2pica people - web professionals
Charlotte Clarke has over 15 years' experience in publishing as both an editor and a writer. She specialises in business-to-business and public sector work. She was Editorial Director for a travel publisher for four years and most recently worked as a web consultant for various government departments (including DTI, HMRC, HSE, Environment Agency).
Editorial, writing, stakeholder management, search engine optimisation and information architecture design and analysis are just a few of the skills she can offer.
2pica.com is run by director Helen Cleary. After a solid training as a non-fiction books editor at Hodder & Stoughton, Helen spent five years working at the BBC on popular web projects including BBC History and Lifestyle, WW2 People's War (user-generated) and educational content for BBC Jam. She now edits BBC Bitesize and BBC Skillswise content.
Since 2005 Helen (via 2pica.com) has also worked with government providers to transform .gov communications and improve access to information on a range of subjects, from international trade to farming.
Cath Hall has worked in editing, writing, video production and web development since 1995. For three years she managed communications for a major international peacebuilding organisation that works in countries affected by violent conflict.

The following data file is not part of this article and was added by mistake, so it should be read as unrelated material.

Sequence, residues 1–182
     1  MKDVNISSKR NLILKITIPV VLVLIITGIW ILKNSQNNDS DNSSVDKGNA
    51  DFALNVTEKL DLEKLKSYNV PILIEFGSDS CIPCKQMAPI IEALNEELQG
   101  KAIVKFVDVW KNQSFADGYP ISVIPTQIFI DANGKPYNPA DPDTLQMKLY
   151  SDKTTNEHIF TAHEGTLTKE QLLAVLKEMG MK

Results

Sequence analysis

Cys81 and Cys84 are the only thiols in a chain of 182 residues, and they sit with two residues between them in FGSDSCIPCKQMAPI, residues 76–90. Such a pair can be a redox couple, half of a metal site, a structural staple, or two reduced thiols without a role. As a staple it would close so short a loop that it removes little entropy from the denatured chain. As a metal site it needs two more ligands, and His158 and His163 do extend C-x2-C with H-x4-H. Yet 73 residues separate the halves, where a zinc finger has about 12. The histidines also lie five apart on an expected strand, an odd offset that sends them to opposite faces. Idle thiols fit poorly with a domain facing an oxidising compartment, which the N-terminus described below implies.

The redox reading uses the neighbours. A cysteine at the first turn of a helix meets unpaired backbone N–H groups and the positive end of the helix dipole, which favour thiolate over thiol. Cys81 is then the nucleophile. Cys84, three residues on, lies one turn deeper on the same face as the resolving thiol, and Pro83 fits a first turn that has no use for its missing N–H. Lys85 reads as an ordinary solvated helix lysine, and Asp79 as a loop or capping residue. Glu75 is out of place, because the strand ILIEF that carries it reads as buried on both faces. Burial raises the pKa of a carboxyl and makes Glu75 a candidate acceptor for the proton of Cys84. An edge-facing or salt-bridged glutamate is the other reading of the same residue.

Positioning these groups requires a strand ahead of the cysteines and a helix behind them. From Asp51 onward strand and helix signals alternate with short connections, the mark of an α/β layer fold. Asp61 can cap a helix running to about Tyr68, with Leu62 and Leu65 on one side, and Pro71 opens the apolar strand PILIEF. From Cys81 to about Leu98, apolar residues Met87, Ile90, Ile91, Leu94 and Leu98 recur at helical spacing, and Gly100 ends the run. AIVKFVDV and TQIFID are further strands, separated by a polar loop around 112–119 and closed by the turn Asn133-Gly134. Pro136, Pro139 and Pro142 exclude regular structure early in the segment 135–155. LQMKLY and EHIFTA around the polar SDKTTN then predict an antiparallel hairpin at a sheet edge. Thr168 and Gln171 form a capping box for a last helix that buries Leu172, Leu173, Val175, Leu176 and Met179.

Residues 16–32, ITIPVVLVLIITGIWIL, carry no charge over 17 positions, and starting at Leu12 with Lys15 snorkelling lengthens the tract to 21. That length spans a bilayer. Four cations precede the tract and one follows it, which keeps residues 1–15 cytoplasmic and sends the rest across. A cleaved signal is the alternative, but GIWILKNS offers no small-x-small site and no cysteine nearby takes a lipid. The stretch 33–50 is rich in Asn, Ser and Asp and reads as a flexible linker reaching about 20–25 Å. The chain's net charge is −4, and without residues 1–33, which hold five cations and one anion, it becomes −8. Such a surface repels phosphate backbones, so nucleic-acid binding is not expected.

She has been freelance since 2001, first as a web designer and developer and more recently as an editor and writer for a wide range of organisations (including the United Nations and Fairtrade Labelling Organizations International), NGOs (including Refugee Council and PACE) and the BBC.
Clare Williams has worked in publishing for 16 years as an editor and writer across a diverse range of media.
As a writer clients include BBC online and Guardian Unlimited. As an editor clients include Victoria and Albert Publications, Cambridge University Press, Community Service Volunteers, Television Trust for the Environment and the BBC. She has been freelance since 2002.
When the BBC developed 'Who do you think you are?' series they also needed something impressive to inspire their online audience.
Three months in the making, the online research tool was a huge success - within one week of launch it received a million visitors.